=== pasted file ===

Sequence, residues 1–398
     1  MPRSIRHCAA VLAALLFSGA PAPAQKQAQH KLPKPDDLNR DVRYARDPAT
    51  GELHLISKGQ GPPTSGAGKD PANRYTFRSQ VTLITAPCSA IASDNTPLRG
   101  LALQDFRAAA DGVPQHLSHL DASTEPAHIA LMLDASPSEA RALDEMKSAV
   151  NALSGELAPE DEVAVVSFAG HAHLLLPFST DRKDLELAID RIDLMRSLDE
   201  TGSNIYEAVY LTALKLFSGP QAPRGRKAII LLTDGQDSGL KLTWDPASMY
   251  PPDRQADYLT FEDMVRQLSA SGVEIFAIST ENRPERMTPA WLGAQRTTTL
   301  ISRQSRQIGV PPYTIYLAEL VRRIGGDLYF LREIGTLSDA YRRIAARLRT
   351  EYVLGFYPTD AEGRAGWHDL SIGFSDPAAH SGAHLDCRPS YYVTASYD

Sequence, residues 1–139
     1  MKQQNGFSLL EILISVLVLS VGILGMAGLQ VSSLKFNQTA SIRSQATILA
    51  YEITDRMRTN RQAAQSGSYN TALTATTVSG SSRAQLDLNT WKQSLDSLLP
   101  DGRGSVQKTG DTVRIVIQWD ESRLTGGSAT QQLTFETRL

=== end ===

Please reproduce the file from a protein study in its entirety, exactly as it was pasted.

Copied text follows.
Sequence, residues 1–398
     1  MPRSIRHCAA VLAALLFSGA PAPAQKQAQH KLPKPDDLNR DVRYARDPAT
    51  GELHLISKGQ GPPTSGAGKD PANRYTFRSQ VTLITAPCSA IASDNTPLRG
   101  LALQDFRAAA DGVPQHLSHL DASTEPAHIA LMLDASPSEA RALDEMKSAV
   151  NALSGELAPE DEVAVVSFAG HAHLLLPFST DRKDLELAID RIDLMRSLDE
   201  TGSNIYEAVY LTALKLFSGP QAPRGRKAII LLTDGQDSGL KLTWDPASMY
   251  PPDRQADYLT FEDMVRQLSA SGVEIFAIST ENRPERMTPA WLGAQRTTTL
   301  ISRQSRQIGV PPYTIYLAEL VRRIGGDLYF LREIGTLSDA YRRIAARLRT
   351  EYVLGFYPTD AEGRAGWHDL SIGFSDPAAH SGAHLDCRPS YYVTASYD

Sequence, residues 1–139
     1  MKQQNGFSLL EILISVLVLS VGILGMAGLQ VSSLKFNQTA SIRSQATILA
    51  YEITDRMRTN RQAAQSGSYN TALTATTVSG SSRAQLDLNT WKQSLDSLLP
   101  DGRGSVQKTG DTVRIVIQWD ESRLTGGSAT QQLTFETRL